The uncertainty over Hinkley Point C has been dominating headlines in recent months. Despite a deal from 2013, the future of the proposed £18bn nuclear power station remains unknown. There are concerns about the technology, and of EDF’s financial commitment to the project. Last month (March 2016), EDF announced that a decision on the power station will take place in May – and there are real fears that the ambitious project could be scrapped.
While the Hinkley saga might make it seem as if the UK’s commitment to nuclear power is waning, the industry insists that this is far from the case.
At the moment, the UK boasts 16 reactors with a combined electricity-generating capacity of 10GW. In total, these reactors create a sixth of the UK’s electricity, and all but one is due to retire in just seven years. To replace them, £45bn is due to be invested in the first three nuclear power plants that will be built – if plans go ahead – in Somerset, Anglesey and Cumbria.
The trend is reflected globally. Currently, there are 440 nuclear reactors operational in the world, 65 under construction and 337 proposed. As a result, the nuclear workforce in the UK is expected to grow by 4,700 people a year over the next six years. At the same time, 3,900 people are expected to leave the sector. The industry will have to recruit 8,600 engineers a year to make up the shortfall, regardless of whether Hinkley Point C gets funding.
“When you consider the UK’s stringent climate change targets, new nuclear power stations simply have to be built to reduce our carbon emissions,” said Peter Haslam, head of policy at the Nuclear Industry Association. “There has been much media speculation around Hinkley Point C, but the key point is there is backing from EDF itself, as well as the French and British governments.
Decommissioning our nuclear legacy will need engineers for the next 120 years
“Moreover, there are two other consortia planning to build power stations in the UK: Horizon and NuGeneration. The UK will not change its mind on nuclear now.” Haslam points out that the industry is on the brink of a massive new-build campaign with 16GW of new capacity planned. This, along with a decommissioning programme, will provide a wealth of opportunities for talented engineers.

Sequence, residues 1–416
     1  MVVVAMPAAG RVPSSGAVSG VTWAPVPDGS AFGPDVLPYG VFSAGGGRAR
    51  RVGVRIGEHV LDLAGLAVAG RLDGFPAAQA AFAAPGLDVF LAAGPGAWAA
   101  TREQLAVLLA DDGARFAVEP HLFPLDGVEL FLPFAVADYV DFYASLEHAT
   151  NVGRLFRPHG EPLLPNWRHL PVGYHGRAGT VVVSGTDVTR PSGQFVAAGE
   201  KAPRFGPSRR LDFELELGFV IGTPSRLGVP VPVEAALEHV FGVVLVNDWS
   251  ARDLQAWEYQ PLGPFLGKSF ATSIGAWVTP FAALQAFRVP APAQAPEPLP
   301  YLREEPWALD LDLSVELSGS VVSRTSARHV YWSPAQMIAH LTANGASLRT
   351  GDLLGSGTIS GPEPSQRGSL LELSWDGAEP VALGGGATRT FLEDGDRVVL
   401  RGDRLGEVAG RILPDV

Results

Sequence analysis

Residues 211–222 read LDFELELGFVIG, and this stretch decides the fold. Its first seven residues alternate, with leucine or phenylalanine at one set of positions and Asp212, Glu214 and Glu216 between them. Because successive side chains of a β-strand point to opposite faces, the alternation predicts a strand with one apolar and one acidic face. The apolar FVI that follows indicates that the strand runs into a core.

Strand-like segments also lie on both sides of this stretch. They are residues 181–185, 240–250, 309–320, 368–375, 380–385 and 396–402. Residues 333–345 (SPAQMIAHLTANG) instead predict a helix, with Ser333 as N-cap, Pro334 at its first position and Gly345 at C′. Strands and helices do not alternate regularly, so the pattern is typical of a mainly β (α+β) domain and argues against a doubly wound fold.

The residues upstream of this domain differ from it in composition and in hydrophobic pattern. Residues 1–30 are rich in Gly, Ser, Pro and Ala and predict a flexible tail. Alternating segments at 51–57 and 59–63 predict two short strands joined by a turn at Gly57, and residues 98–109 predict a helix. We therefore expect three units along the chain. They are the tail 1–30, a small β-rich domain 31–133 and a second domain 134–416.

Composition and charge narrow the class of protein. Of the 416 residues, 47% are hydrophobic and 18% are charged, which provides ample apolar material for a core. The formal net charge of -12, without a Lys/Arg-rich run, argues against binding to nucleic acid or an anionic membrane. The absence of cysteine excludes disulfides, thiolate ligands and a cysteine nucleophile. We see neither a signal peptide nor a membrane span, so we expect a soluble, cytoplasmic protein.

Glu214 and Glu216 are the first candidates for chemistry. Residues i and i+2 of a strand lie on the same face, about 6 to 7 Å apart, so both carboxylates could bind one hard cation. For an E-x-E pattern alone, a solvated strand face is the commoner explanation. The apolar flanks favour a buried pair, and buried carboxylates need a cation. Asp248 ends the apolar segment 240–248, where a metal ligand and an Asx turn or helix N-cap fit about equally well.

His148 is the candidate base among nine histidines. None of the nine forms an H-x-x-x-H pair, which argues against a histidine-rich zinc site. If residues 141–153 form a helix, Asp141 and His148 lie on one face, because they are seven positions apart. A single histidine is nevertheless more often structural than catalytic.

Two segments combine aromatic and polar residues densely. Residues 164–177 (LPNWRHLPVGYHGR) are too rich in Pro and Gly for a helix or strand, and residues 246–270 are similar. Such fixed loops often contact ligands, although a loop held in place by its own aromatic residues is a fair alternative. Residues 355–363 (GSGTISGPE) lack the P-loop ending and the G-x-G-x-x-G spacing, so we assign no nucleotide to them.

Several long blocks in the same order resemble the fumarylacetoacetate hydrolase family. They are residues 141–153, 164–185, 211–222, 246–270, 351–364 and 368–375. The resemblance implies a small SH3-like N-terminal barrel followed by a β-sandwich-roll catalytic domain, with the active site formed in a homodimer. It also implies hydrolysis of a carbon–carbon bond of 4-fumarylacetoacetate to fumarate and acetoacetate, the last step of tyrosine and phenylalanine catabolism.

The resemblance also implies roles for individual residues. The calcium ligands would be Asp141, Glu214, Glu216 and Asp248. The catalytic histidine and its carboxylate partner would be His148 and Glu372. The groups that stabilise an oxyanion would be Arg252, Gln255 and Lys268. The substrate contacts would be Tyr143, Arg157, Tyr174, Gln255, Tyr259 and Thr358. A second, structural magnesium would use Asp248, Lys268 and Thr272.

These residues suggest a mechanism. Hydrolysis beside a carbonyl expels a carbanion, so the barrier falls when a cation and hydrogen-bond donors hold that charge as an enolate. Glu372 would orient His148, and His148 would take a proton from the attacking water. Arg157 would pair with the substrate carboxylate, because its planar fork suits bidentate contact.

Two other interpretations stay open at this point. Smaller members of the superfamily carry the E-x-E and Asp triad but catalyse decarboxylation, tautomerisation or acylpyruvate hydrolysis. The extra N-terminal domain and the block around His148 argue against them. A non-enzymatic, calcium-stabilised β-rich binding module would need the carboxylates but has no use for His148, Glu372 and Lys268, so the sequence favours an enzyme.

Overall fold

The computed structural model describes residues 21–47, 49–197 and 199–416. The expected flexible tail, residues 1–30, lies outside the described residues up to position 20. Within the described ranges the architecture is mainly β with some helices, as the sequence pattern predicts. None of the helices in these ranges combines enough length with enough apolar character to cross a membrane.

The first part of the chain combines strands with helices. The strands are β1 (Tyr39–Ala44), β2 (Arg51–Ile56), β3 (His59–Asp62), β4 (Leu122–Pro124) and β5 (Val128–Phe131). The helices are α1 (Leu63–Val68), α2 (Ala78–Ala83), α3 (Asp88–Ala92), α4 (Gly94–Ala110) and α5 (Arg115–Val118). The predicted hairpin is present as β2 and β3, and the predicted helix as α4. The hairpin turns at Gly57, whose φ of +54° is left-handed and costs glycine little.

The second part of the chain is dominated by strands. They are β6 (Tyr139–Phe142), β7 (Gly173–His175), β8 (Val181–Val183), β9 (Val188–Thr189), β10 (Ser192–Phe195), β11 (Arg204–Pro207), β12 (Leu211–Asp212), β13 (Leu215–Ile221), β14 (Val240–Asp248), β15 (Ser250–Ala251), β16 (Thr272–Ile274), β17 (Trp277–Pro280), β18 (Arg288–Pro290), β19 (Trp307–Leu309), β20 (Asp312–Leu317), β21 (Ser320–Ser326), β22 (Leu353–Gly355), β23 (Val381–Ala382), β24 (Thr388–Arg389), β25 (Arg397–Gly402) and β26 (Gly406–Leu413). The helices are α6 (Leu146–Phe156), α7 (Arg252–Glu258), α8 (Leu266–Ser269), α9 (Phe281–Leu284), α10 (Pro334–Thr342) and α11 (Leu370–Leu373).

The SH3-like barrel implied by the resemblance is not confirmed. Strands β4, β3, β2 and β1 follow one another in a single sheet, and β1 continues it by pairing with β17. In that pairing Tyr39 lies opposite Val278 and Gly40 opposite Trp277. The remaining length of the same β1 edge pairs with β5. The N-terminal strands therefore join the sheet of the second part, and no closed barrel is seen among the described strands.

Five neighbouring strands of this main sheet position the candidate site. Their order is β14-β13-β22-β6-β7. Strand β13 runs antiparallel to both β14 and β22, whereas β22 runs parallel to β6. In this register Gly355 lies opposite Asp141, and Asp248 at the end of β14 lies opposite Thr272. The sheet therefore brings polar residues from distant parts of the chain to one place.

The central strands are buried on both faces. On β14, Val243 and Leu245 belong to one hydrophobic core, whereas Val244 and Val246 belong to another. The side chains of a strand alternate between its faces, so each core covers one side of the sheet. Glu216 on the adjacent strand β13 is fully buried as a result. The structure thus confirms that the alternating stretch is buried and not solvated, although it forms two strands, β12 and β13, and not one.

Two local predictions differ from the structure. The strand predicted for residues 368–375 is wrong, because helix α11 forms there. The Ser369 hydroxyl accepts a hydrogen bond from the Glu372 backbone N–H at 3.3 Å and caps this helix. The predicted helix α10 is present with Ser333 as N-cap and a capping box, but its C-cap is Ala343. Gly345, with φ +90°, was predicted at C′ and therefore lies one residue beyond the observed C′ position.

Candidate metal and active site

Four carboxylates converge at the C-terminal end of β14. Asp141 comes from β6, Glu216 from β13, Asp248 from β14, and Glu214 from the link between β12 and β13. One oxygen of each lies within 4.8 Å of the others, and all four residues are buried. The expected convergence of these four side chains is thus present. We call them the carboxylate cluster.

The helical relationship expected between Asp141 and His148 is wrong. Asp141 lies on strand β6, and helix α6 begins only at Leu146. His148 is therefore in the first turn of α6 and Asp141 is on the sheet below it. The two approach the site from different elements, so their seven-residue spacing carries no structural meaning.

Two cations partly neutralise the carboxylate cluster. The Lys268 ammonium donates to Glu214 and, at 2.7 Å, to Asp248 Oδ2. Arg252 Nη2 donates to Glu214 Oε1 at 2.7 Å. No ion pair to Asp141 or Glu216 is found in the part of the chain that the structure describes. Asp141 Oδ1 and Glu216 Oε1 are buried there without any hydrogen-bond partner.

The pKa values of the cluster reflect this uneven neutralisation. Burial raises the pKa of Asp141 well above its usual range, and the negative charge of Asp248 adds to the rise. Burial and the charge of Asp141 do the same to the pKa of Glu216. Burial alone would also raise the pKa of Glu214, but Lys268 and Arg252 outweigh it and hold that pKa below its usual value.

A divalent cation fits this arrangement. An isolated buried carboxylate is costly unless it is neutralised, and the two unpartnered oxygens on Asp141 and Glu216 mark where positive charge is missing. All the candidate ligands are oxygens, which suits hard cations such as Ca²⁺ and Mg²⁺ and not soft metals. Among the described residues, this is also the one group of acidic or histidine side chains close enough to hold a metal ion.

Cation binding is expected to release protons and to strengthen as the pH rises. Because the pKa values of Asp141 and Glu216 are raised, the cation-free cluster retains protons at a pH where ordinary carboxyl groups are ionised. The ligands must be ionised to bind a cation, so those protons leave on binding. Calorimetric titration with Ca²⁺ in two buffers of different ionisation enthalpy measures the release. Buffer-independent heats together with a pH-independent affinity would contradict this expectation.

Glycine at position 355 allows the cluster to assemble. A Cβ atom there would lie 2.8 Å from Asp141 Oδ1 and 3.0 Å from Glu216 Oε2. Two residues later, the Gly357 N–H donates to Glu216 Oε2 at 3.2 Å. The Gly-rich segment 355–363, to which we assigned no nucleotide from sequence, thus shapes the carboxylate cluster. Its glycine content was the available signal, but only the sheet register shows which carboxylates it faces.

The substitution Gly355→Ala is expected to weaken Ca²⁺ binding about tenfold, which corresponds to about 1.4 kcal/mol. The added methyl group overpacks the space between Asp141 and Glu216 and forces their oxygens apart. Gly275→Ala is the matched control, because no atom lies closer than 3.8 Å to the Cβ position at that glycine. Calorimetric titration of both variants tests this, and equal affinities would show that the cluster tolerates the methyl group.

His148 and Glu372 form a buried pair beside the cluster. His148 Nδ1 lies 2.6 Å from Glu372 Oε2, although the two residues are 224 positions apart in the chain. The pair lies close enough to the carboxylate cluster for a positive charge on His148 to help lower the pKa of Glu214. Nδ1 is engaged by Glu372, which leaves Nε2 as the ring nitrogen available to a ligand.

“Decommissioning our nuclear legacy will need engineers for the next 120 years,” he added. “There are also plans to develop a geological waste repository in the next 30 years. Looking to the future, the UK could also be developing small modular reactors in the next 10 years. We could also be constructing plutonium burning plants to use our stockpile of plutonium.”
The nuclear industry faces some big challenges, particularly at Sellafield and for new-build projects, which will require some of the most advanced manufacturing. Throughout the initial development and construction phase of new plants, there will be significant opportunities in roles such as project managers, electrical, mechanical, control and instrumentation engineers. More broadly, however, engineers of all skills are needed.
“Aside from the opportunities offered by new plants, our existing plants also require skilled engineers,” said Ben Hough, nuclear recruitment specialist at Matchtech. “[This is] not just as a result of new and ongoing projects but also to fill the gaps left by an ageing workforce. EDF’s decision to extend the lifetime of Heysham, Hartlepool and Torness for another five to seven years will create numerous opportunities.”
There are plans to build a new nuclear plant on the existing site of Wylfa in north Wales. “This hasn’t had the publicity of Hinkley, but will be a major investment project for the UK engineering community,” said Hough. “A second is Nugen. This is a joint venture project based in Cumbria which is headed up by Toshiba and Engie, who are looking to build a new nuclear power station on Moorside.”
Meanwhile, Sellafield, a major employer in Cumbria that reprocesses spent nuclear fuel from plants across the UK, will be needed for the foreseeable future as the UK operates and decommissions more plants. “Keep an eye on the market. There are a lot of eyes on the industry at the moment and we expect that when these projects get the green light they will need to recruit quickly and extensively,” said Hough.
Owen Davey, a graduate engineer at Mott MacDonald, said he’s gained a great deal from his career so far. “Nuclear engineering careers are exciting and can deliver a range of opportunities,” he said. “They allow individuals to work in challenging areas to the highest level of technical detail and gain valuable experience for a long-term career. Graduates see a career in nuclear engineering as exciting to pursue because it can provide opportunities to solve problems not typically encountered in non-nuclear engineering sectors.”
Davey’s advice is to be knowledgeable about the industry and what nuclear generation involves, including the general process of generating electricity, but also safety and code requirements, and licensing conditions. “More and more are turning to nuclear power, or looking to expand their existing fleet of nuclear power stations. This creates a position for nuclear engineers within the UK to travel abroad for work.”
In no other industry are your engineering skills likely to be in such demand
Haslam said: “If you are interested in entering industry try and learn as much as you can about it. The industry is surprisingly open and there are lots of websites such as www.world-nuclear.org that explain what is going on in the industry and nuclear concepts. Consider joining the Nuclear Institute, which runs a number of events where you can learn more about the industry.
“In no other industry are your engineering skills likely to be in such demand, or to face such a breadth of challenges and innovation.”